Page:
Uber's Cars Might Be Sleek, But You Can Tell It's A Startup By Its Office

maya uberWSJ’s Maya Baratz arrives at Uber NYC’s launch party in the car service.

Photo: Uber Blog

Uber considers itself a luxury brand. The dispatch car service sends black cars to anyone who needs a ride quickly and is willing to pay a few extra dollars for convenience.There’s no calling in advance and no cash is exchanged. Every ride, including tip, is charged on a credit card Uber keeps on file. 

The service has taken off. Uber raised $11 million in February, it will be raising another round soon, and it is launching in more than a dozen cities next year. Celebrities, including the Glee cast and Sir Mixx-A-Lot use Uber too.

We swung by the startup’s San Francisco headquarters last month. To be fair, Uber warned us there wouldn’t be much to photograph. It had just received new furniture and the office was in disarray.

Uber was right, but it was refreshing to see the high-profile startup in a modest space. And cofounder Travis Kalanick is always fun to kick back with. So we invaded.

Naturally, we took an Uber to Uber's office.

We arrived at the headquarters on 800 Market Street in San Francisco.

We walked down a long white hallway and took the elevator to the 7th floor.

Uber's office was through that door. That was the first of many red chairs we saw on our tour.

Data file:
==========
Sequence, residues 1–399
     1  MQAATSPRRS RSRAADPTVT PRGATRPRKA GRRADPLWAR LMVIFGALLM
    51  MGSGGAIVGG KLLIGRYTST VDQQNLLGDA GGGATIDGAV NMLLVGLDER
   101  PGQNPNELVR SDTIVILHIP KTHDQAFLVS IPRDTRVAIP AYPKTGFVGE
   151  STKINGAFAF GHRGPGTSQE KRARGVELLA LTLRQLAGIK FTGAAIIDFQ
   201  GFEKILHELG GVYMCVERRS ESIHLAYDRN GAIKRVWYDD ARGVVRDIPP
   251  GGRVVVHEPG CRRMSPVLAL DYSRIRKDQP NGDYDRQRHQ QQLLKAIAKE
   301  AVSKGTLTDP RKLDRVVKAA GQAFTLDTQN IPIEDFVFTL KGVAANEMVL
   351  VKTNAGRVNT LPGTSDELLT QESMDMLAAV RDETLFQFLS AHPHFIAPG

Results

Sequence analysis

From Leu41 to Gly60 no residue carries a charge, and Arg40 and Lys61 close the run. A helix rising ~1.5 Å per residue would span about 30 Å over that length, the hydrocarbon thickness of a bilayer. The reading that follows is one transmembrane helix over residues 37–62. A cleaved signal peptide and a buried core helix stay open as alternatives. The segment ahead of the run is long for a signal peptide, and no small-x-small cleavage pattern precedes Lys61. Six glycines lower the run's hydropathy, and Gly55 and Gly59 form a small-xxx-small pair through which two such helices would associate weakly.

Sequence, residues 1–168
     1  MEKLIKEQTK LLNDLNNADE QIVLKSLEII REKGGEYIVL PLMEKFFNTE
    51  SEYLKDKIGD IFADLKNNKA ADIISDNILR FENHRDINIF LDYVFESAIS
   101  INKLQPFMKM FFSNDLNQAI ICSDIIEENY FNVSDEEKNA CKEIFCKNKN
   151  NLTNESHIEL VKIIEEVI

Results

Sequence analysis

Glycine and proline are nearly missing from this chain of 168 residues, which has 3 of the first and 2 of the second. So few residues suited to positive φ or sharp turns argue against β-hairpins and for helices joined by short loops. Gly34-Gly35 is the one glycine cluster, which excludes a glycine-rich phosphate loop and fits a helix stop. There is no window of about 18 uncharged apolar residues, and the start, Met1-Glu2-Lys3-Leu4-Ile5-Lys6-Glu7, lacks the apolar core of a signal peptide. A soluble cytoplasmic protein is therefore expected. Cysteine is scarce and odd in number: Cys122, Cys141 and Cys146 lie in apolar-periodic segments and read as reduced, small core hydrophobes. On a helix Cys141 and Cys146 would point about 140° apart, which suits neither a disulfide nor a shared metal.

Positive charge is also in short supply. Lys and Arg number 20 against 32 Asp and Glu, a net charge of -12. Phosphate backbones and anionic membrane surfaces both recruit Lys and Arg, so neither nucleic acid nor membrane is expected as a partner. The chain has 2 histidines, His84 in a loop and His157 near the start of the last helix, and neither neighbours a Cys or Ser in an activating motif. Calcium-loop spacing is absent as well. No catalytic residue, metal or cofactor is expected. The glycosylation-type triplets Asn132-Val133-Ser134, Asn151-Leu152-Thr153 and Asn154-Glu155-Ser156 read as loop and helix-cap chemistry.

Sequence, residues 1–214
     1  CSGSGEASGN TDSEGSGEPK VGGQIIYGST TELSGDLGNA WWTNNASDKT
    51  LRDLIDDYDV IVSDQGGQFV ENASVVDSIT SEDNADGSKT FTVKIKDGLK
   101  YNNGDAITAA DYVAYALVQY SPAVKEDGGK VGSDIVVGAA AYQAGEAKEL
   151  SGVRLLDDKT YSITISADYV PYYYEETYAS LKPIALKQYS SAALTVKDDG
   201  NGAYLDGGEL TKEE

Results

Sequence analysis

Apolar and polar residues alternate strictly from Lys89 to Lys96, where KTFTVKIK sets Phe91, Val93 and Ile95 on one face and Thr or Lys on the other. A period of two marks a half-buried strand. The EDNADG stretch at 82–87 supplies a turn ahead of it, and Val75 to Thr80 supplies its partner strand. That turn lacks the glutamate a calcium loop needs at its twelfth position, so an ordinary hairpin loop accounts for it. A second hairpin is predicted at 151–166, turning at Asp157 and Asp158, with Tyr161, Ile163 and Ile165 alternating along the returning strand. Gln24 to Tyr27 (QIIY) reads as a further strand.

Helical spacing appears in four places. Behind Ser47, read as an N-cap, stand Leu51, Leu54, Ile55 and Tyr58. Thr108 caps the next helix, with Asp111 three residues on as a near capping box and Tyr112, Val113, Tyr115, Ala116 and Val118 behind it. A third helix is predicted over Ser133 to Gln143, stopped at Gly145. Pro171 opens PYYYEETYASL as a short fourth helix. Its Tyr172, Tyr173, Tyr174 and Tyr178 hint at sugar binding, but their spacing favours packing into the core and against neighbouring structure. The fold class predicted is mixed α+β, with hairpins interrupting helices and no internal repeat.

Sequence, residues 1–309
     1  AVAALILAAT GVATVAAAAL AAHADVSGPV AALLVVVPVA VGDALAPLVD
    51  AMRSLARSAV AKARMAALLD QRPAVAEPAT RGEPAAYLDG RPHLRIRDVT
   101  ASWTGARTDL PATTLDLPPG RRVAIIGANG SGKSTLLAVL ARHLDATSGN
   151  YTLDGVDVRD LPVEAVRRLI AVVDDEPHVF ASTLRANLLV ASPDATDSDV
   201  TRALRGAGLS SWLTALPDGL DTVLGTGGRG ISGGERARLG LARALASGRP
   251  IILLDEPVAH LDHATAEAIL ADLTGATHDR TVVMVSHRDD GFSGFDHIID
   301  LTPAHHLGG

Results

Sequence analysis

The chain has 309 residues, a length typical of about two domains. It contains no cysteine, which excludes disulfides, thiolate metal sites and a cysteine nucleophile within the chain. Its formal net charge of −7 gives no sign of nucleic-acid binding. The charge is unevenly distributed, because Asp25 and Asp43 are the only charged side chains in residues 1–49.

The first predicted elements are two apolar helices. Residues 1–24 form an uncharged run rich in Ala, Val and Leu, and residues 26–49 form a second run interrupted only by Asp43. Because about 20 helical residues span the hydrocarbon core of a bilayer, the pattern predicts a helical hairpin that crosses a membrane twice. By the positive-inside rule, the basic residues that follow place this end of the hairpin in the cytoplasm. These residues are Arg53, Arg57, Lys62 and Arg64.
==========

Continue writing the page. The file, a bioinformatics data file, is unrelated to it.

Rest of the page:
Wires dangled and boxes were strewn all around. The office was a work in progress -- very fitting for a startup.

There was one board room, filled with more red chairs.

There was also a kitchen. Peggie Lee loaded the dishes.

A mini basketball hoop hung on a top secret white board.

That's executive assistant Phatchany Phanyanouvong. She was our tour guide.

Athena Maikish is Uber's Director of Quality and Analytics. She had one of the few offices with a door.

Uber engineers Dominic Narducci and Conrad Whelan were hard at work.

Product managers Curtis Chambers and Mina Radhakrishnan overlooked all of the Uber cars on the road. They saw exactly when my car arrived at Uber's office.

Software engineers Henry Lin and Amos Barreto were working too. All Uber employees get to take free Uber cars whenever they like.

Cofounder Travis Kalanick posed by his weather algorithm. Uber needs to keep track of rain and dispatch cars accordingly.

Business Insider Emails & Alerts

Site highlights each day to your inbox.

Follow Business Insider Australia on Facebook, Twitter, LinkedIn, and Instagram.

Tagged In

features sai-us uber